Vaccination is a valuable and effective tool in stocker operations, but University of Arkansas Extension veterinarian Jeremy Powell, and Extension beef cattle specialist Tom Troxel remind producers that respiratory disease can be a problem even in vaccinated cattle.

The most common reason for vaccine failure, the specialists say, is failure to follow label directions, but even with proper vaccination, some animals will not respond due to stress, illness or a naturally inferior immune system.

The stress of handling animals in poor working facilities, they note, can result in increased animal sickness and injury. While some stress is unavoidable, they encourage a “less is more” approach, handling cattle in small groups and working to minimize stress for disease prevention.

But in spite of preventative measures, exposure and stress will result in some cases of respiratory disease, and a rapid response with appropriate treatment will make the difference between success and failure.

Powell and Troxel advise stocker operators to develop a treatment plan before animals actually become sick. Ideally, get your veterinarian involved before the cattle arrive. Set criteria for which animals you will treat for illness, which products you will use and for how long, and how many products you will try before the animal is considered a “chronic.”

At the University of Arkansas, the criteria used for treatment are a rectal body temperature of 104° F or greater, depression, loss of appetite, discharge from the eyes and nose, difficult breathing and coughing. The specialists note that many animals will not show all of these symptoms and that learning to recognize sick animals is as much art as science.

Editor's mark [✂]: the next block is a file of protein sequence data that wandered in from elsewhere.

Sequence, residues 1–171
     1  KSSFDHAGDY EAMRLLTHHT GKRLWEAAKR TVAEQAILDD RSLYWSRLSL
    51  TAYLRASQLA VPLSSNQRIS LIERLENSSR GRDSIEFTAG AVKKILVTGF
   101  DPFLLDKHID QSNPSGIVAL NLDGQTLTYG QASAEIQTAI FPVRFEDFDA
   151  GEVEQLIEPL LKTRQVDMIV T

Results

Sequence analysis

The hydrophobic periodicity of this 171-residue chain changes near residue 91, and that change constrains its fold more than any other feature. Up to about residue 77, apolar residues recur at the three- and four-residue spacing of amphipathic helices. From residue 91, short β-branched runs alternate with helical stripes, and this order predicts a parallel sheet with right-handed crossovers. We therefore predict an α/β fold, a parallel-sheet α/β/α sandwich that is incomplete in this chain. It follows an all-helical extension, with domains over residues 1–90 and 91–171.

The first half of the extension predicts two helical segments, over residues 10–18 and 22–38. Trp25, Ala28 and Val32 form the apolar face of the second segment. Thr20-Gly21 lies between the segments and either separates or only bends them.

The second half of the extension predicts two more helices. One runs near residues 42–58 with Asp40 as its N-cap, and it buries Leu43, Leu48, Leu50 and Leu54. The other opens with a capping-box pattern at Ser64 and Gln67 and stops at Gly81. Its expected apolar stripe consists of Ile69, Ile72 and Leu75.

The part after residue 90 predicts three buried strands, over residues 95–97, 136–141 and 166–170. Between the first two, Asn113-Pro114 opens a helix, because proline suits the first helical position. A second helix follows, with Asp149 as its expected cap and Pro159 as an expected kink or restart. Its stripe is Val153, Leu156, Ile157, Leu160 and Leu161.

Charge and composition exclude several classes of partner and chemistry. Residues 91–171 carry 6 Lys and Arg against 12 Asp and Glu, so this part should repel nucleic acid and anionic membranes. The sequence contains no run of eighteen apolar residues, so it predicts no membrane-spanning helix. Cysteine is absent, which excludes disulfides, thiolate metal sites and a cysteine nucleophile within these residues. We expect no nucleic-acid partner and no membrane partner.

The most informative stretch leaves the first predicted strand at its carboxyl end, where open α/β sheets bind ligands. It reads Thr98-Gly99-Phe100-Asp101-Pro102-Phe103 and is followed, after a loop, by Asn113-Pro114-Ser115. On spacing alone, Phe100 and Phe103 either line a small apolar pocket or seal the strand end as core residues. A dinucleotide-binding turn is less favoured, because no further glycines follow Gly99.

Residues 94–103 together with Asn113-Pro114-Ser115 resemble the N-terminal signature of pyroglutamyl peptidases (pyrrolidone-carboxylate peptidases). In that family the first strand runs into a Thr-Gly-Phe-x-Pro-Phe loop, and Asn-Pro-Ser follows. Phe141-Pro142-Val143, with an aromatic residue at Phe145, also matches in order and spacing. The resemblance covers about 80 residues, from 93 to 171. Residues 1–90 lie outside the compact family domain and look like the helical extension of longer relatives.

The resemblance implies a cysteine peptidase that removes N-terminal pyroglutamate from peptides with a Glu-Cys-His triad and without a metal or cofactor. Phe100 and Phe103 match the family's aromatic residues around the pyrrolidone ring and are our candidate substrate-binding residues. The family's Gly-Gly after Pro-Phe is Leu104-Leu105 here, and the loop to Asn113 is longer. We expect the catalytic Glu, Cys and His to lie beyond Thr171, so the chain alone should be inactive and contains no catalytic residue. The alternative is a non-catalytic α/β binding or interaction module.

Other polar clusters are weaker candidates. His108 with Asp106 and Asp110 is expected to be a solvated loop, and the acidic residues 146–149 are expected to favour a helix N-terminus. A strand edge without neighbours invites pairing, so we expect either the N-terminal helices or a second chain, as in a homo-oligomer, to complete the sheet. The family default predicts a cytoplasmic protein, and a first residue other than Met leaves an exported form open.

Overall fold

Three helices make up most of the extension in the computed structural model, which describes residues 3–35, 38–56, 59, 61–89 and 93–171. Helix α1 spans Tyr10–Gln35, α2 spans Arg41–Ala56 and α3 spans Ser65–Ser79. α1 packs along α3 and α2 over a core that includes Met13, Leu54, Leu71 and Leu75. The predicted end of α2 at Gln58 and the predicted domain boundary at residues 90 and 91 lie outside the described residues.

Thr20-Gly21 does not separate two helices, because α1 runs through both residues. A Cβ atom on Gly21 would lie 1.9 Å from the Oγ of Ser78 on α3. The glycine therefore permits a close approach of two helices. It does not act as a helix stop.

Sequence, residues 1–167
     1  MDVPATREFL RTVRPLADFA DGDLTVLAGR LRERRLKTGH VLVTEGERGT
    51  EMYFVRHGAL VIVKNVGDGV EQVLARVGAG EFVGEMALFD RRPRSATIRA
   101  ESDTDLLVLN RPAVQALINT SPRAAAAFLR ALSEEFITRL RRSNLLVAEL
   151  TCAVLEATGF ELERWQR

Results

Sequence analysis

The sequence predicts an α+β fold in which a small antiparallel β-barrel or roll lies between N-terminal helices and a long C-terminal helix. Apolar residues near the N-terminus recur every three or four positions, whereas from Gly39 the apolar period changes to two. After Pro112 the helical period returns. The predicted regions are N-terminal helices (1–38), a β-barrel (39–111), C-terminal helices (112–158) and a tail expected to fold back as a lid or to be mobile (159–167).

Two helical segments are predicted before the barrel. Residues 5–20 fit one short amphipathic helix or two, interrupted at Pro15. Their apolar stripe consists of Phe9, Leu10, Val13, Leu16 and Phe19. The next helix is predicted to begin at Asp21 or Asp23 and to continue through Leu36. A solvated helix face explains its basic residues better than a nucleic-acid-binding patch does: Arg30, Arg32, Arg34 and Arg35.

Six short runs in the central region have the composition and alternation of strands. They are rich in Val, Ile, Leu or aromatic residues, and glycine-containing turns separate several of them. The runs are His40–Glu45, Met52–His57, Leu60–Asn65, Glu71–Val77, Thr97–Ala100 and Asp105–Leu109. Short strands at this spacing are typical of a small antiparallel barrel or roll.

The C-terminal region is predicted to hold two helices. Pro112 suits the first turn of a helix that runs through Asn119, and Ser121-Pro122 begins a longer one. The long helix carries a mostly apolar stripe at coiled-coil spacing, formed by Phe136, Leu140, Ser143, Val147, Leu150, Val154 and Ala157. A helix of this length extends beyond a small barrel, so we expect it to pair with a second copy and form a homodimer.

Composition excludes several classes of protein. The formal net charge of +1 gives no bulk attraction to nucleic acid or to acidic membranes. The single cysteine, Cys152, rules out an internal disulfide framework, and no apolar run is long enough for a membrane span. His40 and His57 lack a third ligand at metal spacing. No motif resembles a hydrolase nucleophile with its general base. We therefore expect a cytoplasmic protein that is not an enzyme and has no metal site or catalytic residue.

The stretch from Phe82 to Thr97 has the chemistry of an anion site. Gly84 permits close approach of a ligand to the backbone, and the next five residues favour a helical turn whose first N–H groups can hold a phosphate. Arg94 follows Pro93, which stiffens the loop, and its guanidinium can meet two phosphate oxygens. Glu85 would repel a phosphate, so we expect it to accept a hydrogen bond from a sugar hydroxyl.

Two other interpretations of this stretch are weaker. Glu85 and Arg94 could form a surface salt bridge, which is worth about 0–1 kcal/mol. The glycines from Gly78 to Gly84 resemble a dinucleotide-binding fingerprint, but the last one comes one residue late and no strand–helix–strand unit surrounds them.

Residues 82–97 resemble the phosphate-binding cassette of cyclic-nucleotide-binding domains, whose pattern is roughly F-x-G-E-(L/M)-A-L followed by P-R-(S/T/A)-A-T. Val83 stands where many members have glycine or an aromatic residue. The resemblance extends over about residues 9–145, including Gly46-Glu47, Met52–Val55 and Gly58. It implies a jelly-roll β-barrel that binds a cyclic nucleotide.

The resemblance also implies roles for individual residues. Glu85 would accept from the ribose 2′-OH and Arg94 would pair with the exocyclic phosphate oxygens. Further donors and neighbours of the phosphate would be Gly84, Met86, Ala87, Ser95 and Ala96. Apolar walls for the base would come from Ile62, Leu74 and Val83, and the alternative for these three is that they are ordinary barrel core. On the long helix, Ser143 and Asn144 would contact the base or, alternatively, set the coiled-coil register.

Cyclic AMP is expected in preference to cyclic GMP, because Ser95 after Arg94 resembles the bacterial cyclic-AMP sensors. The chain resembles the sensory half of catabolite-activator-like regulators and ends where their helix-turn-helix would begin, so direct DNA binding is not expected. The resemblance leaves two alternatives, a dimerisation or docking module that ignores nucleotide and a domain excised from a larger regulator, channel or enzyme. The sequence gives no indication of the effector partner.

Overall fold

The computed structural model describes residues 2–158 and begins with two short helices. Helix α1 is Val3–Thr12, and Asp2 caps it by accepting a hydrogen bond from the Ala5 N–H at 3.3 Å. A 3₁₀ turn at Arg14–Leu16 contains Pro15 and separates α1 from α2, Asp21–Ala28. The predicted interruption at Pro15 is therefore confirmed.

In their health protocol, the specialists treat pulled cattle with an initial antibiotic, then evaluate treated cattle within 24 to 48 hours. If an animal does not appear to respond to the initial treatment, they will treat with a second product. They recommend working closely with your veterinarian to select appropriate products.

In a presentation titled “Selecting your antibiotic,” Kansas StateUniversity veterinarian Hans Coetzee uses the acronym “S.P.A.C.E.” to outline things to consider and discuss with a veterinarian in selecting an antibiotic. The acronym stands for:

Spectrum – Is this drug effective against the bug?

Pharmacokinetics/Dynamics (Pk/Pd) – Can it get to the bug?

Adverse reactions – Is it safe to use this drug?

Compliance – Is it legal to use this drug in this situation?

Environment – Where is the infection I’m treating?

Powell and Troxel note that separating sick animals will give them a chance to recover without having to compete with healthy animals. For the best care and evaluation of sick cattle, locate hospital pens close to a processing chute. They suggest using one pen for new treatments and one for re-pulls. Provide access to fresh, clean water and good-quality hay. Once temperatures have returned to normal and clinical signs are no longer observable, return cattle as quickly as possible to their home pastures.